Now add the implementation of OnDelete and CanDelete methods.

private void OnDelete() { 
   Students.Remove(SelectedStudent); 
}

private bool CanDelete() { 
   return SelectedStudent != null; 
}

We also need to add a new SelectedStudent so that the user can delete the Selected Item from ListBox.

private Student _selectedStudent;
 
public Student SelectedStudent { 
   get { 
      return _selectedStudent; 
   } 
	
   set { 
      _selectedStudent = value;
      DeleteCommand.RaiseCanExecuteChanged(); 
   } 
}

Following is the complete implementation of ViewModel class.

using MVVMDemo.Model; 

using System.Collections.ObjectModel; 
using System.Windows.Input; 
using System;

namespace MVVMDemo.ViewModel { 

   public class StudentViewModel { 
	
      public MyICommand DeleteCommand { get; set;} 
		
      public StudentViewModel() { 
         LoadStudents(); 
         DeleteCommand = new MyICommand(OnDelete, CanDelete); 
      }
		
      public ObservableCollection<Student> Students { 
         get; 
         set; 
      }
		
      public void LoadStudents() { 
         ObservableCollection<Student> students = new ObservableCollection<Student>();
			
         students.Add(new Student { FirstName = "Mark", LastName = "Allain" }); 
         students.Add(new Student { FirstName = "Allen", LastName = "Brown" }); 
         students.Add(new Student { FirstName = "Linda", LastName = "Hamerski" }); 
			
         Students = students; 
      }
		
      private Student _selectedStudent; 
		
      public Student SelectedStudent { 
         get {
            return _selectedStudent; 
         } 
			
         set { 
            _selectedStudent = value;
            DeleteCommand.RaiseCanExecuteChanged(); 
         } 
      }
		
      private void OnDelete() { 
         Students.Remove(SelectedStudent); 
      }
		
      private bool CanDelete() { 
         return SelectedStudent != null; 
      }
   } 
}

In StudentView.xaml, we need to add SelectedItem property in a ListBox which will bind to the SelectStudent property.

<ListBox ItemsSource = "{Binding Students}" SelectedItem = "{Binding SelectedStudent}"/>

Following is the complete xaml file.

<UserControl x:Class = "MVVMDemo.Views.StudentView"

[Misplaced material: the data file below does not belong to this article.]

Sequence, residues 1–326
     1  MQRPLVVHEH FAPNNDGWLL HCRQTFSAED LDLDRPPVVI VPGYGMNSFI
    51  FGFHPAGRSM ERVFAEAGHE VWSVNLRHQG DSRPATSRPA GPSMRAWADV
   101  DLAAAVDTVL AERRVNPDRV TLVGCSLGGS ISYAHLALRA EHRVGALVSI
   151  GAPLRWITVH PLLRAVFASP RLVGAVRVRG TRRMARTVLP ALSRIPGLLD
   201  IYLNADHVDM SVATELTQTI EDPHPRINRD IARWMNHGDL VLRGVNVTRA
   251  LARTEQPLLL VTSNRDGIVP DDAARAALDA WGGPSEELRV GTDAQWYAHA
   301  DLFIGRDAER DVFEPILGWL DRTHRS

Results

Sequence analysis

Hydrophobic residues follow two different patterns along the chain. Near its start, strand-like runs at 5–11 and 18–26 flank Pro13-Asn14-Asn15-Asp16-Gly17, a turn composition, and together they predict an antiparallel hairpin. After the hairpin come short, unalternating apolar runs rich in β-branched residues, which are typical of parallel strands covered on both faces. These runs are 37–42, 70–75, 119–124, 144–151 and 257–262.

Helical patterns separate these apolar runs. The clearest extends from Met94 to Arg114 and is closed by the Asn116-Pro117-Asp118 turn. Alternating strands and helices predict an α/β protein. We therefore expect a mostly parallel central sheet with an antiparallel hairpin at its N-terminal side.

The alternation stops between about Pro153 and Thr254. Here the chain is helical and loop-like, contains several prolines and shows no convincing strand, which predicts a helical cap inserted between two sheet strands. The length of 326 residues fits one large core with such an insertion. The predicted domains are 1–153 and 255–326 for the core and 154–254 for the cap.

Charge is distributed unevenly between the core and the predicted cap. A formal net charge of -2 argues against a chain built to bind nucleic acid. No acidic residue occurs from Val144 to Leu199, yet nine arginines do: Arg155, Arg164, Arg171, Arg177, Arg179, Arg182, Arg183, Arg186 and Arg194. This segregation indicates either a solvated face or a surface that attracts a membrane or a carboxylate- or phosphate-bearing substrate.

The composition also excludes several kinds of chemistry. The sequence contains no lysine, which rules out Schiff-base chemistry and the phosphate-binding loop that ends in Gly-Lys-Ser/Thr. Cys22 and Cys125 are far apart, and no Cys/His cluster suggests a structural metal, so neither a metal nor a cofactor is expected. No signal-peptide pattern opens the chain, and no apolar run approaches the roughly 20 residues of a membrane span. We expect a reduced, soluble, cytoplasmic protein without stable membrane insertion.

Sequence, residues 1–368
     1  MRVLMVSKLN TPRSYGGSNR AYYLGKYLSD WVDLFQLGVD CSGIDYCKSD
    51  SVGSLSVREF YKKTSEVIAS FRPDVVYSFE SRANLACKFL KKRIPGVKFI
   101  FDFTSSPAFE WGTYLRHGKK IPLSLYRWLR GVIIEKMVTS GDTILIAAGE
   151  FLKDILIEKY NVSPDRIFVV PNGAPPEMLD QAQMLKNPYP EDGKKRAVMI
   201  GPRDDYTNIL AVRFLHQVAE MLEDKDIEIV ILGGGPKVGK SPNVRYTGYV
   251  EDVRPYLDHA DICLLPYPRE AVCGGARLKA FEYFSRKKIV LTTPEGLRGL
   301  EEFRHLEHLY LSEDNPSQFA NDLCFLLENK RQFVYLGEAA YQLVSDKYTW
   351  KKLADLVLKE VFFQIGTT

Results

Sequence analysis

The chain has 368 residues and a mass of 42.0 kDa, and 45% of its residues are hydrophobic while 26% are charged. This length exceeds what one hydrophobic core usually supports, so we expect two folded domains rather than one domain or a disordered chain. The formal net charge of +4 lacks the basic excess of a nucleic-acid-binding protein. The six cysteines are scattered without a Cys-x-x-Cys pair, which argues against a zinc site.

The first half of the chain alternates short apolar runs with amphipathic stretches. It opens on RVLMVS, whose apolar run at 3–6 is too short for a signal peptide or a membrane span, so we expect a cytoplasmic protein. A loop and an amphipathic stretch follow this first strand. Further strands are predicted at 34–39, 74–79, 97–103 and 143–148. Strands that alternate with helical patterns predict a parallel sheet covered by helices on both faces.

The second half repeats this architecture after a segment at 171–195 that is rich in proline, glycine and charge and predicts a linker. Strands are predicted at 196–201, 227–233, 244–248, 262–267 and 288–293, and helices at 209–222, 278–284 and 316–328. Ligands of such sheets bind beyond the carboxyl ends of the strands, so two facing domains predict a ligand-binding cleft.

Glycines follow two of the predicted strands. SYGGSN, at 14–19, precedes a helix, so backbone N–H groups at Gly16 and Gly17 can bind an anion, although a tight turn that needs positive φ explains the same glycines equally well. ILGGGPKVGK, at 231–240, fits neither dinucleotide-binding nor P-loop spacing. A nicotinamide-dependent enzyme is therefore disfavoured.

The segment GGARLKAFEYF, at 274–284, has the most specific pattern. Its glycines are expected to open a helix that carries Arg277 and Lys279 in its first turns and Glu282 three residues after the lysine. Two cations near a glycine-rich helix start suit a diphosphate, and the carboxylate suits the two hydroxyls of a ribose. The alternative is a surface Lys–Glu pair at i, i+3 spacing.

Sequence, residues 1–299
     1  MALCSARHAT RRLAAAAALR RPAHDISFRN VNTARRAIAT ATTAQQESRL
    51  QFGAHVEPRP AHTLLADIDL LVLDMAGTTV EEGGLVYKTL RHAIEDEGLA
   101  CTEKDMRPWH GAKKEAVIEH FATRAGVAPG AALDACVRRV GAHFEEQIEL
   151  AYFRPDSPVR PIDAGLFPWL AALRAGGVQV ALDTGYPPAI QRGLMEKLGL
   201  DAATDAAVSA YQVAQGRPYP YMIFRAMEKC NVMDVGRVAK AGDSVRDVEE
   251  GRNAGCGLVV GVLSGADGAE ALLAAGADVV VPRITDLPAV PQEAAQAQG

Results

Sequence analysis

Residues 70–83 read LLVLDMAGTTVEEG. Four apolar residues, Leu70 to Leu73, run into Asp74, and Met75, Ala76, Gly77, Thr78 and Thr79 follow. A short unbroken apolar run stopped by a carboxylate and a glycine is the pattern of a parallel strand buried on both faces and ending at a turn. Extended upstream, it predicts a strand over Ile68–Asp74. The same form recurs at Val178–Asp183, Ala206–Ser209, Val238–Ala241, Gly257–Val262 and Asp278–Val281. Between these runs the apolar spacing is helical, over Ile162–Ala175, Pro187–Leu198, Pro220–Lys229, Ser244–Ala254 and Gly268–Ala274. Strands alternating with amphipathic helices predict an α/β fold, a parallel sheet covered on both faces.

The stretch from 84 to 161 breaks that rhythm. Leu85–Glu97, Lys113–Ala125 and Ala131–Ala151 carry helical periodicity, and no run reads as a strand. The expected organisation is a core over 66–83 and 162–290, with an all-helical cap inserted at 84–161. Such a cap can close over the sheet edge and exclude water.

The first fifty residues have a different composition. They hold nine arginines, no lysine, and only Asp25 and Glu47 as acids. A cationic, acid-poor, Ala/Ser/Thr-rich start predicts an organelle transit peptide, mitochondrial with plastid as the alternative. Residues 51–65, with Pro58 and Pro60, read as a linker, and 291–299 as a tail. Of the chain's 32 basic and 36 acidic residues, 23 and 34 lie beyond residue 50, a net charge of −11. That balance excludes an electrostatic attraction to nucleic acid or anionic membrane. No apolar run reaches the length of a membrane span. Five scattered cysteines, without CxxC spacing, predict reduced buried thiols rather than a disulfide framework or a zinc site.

xmlns = "http://schemas.microsoft.com/winfx/2006/xaml/presentation" 
   xmlns:x = "http://schemas.microsoft.com/winfx/2006/xaml" 
   xmlns:mc = "http://schemas.openxmlformats.org/markup-compatibility/2006" 
   xmlns:d = "http://schemas.microsoft.com/expression/blend/2008" 
   xmlns:local = "clr-namespace:MVVMDemo.Views" 
   xmlns:viewModel = "clr-namespace:MVVMDemo.ViewModel" 
   xmlns:data = "clr-namespace:MVVMDemo.Model" 
   xmlns:vml = "clr-namespace:MVVMDemo.VML" 
   vml:ViewModelLocator.AutoHookedUpViewModel = "True" 
   mc:Ignorable = "d"
   d:DesignHeight = "300" d:DesignWidth = "300">
	
   <UserControl.Resources> 
      <DataTemplate DataType = "{x:Type data:Student}"> 
		
         <StackPanel Orientation = "Horizontal"> 
			
            <TextBox Text = "{Binding Path = FirstName, Mode = TwoWay}" 
               Width = "100" Margin = "3 5 3 5"/> 
					
            <TextBox Text = "{Binding Path = LastName, Mode = TwoWay}" 
               Width = "100" Margin = "0 5 3 5"/> 
					
            <TextBlock Text = "{Binding Path = FullName, Mode = OneWay}" 
               Margin = "0 5 3 5"/> 
					
         </StackPanel> 
			
      </DataTemplate> 
   </UserControl.Resources>
	
   <Grid> 
      <StackPanel Orientation = "Horizontal"> 
         <ListBox ItemsSource = "{Binding Students}" 
            SelectedItem = "{Binding SelectedStudent}"/> 
				
         <Button Content = "Delete" 
            Command = "{Binding DeleteCommand}"
            HorizontalAlignment = "Left" 
            VerticalAlignment = "Top" 
            Width = "75" /> 
      </StackPanel> 
   </Grid>
	
</UserControl>

When the above code is compiled and executed, you will see the following window.

View and ViewModel Communication MainWindow1

You can see that delete button is disabled. It will be enabled when you select any item.

View and ViewModel Communication MainWindow2

When you select any item and press delete. You will see that the selected item list is deleted and the delete button again becomes disabled.

View and ViewModel Communication MainWindow3

We recommend you to execute the above example in a step-by-step manner for better understanding.